The monthly barrage of same-store sales data from U.S. retail chains will hit Wall Street Thursday morning, and investors are prepared to scrutinize the results for any signs of weakness in consumer spending that could threaten economic growth.
Research firm RetailMetrics expects its overall index tracking same-store sales from more than 70 major chains to increase 3.7% in July from a year earlier. That comes on top of last year's 3.7% jump, and would demonstrate that cash registers are still ringing across the country, even while investors fret about rising interest rates, soaring energy prices and a softening housing market.
"Consumers are still facing all these headwinds, but as long as the job market holds up here, we think they're going to meet expectations, or maybe slightly exceed expectations," says Ken Perkins, president of RetailMetrics.
Same-store sales, or comps, measure sales at stores that have been open for at least a year. Factoring out sales growth related to new store openings, the metric provides what analysts view as a snapshot of a company's competitive strength.
provided an early show of resilience. Over the weekend, the world's largest retailer reported a 2.4% same-store sales gain for July, hitting the high end of its forecast and rebounding from weak results in June.
Wal-Mart's sales were particularly encouraging, because its low-income customer base is viewed as being vulnerable to the spending strains posed by gas prices. That said, the company could be attracting higher-end customers into its stores with low prices as shoppers look to save money.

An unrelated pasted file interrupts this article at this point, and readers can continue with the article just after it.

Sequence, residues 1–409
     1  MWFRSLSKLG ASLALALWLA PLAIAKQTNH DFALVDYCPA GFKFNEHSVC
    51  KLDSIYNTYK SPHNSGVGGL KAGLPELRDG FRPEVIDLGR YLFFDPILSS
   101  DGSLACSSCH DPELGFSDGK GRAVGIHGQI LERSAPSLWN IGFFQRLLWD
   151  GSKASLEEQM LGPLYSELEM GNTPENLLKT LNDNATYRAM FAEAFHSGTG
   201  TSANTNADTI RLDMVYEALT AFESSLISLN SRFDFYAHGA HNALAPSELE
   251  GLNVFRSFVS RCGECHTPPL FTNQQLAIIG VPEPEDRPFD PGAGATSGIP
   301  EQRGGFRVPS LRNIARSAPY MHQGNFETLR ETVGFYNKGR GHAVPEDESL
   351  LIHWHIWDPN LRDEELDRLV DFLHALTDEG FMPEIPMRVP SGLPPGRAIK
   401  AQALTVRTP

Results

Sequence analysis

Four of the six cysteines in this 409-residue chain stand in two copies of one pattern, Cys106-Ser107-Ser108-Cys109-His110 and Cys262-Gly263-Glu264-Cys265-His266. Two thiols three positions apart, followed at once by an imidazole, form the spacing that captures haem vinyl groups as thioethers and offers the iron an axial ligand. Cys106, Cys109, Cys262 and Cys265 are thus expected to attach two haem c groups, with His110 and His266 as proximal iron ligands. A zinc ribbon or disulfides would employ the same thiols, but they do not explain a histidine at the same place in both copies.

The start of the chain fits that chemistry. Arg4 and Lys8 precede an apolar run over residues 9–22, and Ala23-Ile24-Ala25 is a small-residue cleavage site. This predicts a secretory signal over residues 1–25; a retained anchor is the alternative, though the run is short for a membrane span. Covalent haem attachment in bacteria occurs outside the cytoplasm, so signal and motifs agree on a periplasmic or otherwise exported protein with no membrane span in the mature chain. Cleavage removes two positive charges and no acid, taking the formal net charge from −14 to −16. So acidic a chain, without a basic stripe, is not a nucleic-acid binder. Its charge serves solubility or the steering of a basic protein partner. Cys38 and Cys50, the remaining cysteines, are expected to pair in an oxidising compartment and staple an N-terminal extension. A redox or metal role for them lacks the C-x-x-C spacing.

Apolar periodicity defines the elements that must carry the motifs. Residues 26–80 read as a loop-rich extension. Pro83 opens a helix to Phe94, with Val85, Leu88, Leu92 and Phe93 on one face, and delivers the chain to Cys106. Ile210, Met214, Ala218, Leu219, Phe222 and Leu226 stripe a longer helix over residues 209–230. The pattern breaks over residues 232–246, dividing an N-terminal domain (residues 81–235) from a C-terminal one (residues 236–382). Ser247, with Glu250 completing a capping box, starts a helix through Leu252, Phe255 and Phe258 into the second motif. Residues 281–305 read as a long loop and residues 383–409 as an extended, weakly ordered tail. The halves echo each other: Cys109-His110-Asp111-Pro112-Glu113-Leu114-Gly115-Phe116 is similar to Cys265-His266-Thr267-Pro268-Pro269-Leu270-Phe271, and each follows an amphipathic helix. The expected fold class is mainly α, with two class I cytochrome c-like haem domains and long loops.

Despite its massive size and scope, Wal-Mart hasn't always proved to be an accurate predictor of the retail industry as a whole. But Perkins says analysts are expecting the discounters, including Wal-Mart's direct competitors like
, to post an overall gain of 3.2%. For its part, Target warned in mid-July that same-store sales would likely be up 3% to 4%, down from its previous forecast of 4% to 6%.
Strength from drugstore chains should carry the sector, as evidenced by the 9.7% comps already posted by
for the month. Elsewhere, specialty chains are expected to show some weakness, with analysts expecting an overall gain of just 2.2%. Wall Street's beloved teen-apparel retailers should fare better, and are expected to show a 4.9% increase.
"July started out relatively well, but as the month moved on, we got a transition with summer clearance goods being moved out of stores and back-to-school and fall stuff hitting the shelves," says Perkins. "That, coupled with some increased temperatures towards the back of the month, didn't help."
While July results should hold up, the outlook for consumer discretionary spending going into the back half of 2006 remains tenuous. Expectations for a spending slowdown have wrought selloffs in the stock market, as evidenced by the 8.4% decline in the S&P Retail Index so far this year. Most of that decline comes from selling in the last three months as the long-held view that consumers could not continue to spend so lavishly gained acceptance.
"Valuations have definitely come down in the retail sector," says Perkins. "It's not very attractive, because the long-term prognosis is that the rest of this year is going to be tough on retailers. They're going to have to execute better than they have in the last several years going into the holiday shopping season. Inventory levels seem to be pretty lean, which is good, but they're going to have to get fashions and products just right."
In this environment, investors will be straining to hear any commentary from retailers about the strength of back-to-school spending in early August.
"August is really going to be a key month, because it's the big back-to-school month, and back-to-school shopping is usually a good harbinger of how the holiday season will fare," says Perkins. "There's going to be a big focus on August."